Monday, February 5, 2018

Does "lowest" mean something different in Georgia than it does in Texas?

Today PolitiFact National, posing as PolitiFact Georgia, called it "Mostly True" that Georgia has the lowest minimum wage in the United States.

Georgia law sets the minimum wage at $5.15 per hour, the same rate Wyoming uses, and the federal minimum wage of $7.25 applies to all but a very few Georgians. PolitiFact National Georgia hit Democrat Stacey Evans with a paltry "Mostly True" rating:
Evans said Georgia "has the lowest minimum wage in the country."

Georgia’s minimum wage of $5.15 per hour is the lowest in the nation, but Wyoming also has the same minimum wage.

Also, most of Georgia’s workers paid hourly rates earn the federal minimum of $7.25.

Evans’ statement is accurate but needs clarification or additional information. We rate it Mostly True.
Sounds good. No problem. Right?

Eh. Not so fast.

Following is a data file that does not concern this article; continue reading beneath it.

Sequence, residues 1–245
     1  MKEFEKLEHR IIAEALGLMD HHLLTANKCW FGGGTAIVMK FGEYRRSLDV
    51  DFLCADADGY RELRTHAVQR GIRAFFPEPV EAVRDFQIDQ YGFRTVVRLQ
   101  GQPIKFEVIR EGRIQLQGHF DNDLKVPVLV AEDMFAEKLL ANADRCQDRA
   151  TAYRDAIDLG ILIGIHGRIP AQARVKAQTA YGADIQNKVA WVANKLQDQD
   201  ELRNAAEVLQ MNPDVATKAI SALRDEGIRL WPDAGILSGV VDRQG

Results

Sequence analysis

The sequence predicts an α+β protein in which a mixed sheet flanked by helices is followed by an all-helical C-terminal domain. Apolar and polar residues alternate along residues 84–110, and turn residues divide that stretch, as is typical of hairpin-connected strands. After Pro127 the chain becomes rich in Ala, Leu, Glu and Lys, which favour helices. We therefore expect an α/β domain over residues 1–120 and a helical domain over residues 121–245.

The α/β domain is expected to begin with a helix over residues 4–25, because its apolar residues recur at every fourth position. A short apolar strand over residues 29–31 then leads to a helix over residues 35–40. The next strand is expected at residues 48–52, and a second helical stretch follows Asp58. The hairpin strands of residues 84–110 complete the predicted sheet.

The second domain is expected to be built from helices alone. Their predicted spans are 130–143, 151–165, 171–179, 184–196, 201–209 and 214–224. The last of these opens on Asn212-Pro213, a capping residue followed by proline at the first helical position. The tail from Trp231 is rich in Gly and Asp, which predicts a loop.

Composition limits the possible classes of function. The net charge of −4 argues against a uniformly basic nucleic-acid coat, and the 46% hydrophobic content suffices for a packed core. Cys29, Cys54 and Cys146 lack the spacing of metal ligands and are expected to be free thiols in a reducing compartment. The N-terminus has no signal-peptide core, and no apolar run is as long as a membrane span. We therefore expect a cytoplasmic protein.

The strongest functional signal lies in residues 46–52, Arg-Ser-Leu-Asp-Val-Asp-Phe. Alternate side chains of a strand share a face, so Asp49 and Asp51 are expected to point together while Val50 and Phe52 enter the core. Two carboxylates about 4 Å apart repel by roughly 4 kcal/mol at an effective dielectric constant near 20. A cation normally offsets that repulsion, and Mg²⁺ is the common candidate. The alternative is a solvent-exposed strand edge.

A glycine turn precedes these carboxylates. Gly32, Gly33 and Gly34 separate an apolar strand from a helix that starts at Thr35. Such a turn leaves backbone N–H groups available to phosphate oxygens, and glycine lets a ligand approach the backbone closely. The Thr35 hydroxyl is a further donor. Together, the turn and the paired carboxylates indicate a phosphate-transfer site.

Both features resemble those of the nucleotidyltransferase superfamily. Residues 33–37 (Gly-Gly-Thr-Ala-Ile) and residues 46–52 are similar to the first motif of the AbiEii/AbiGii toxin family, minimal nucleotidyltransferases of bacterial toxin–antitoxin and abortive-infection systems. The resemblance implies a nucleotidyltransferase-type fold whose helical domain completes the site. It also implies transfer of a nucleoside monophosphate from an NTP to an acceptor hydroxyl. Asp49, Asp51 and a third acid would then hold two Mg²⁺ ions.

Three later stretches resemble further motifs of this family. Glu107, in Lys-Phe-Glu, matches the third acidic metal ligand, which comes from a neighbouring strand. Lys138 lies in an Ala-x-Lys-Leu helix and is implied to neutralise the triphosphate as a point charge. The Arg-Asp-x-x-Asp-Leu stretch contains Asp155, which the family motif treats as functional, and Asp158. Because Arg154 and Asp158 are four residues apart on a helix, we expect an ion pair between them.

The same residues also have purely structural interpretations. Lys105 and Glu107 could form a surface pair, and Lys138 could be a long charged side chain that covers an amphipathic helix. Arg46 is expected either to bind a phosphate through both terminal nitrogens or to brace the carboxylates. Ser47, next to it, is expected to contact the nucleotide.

Why is it okay in Georgia for "lowest" to reasonably reflect a two-way tie with Wyoming, but in Texas using "lowest" where there's a three-way tie earns the speaker a "False" rating?

How did PolitiFact Texas justify the "False" rating it gave the Republican governor (bold emphasis added)?
Abbott tweeted: "The Texas unemployment rate is now the lowest it’s been in 40 years & Texas led the nation last month in new job creation."

The latest unemployment data posted when Abbott spoke showed Texas with a 4 percent unemployment rate in September 2017 though that didn't set a 40-year record. Rather, it tied the previous 40-year low set in two months of 2000.

Abbott didn’t provide nor did we find data showing jobs created in each state in October 2017.

Federal data otherwise indicate that Texas experienced a slight decrease in jobs from August to September 2017 though the state also was home to more jobs than a year earlier.

We rate this claim False.
 A tie goes to the Democrat, apparently.

We do not understand why it is not universally recognized that PolitiFact leans left.

Correction/clarification Feb. 5, 2018:
Removed unneeded "to" from the second paragraph. And added a needed "to" to the next-to-last sentence.

No comments:

Post a Comment

Thanks to commenters who refuse to honor various requests from the blog administrators, all comments are now moderated. Pseudonymous commenters who do not choose distinctive pseudonyms will not be published, period. No "Anonymous." No "Unknown." Etc.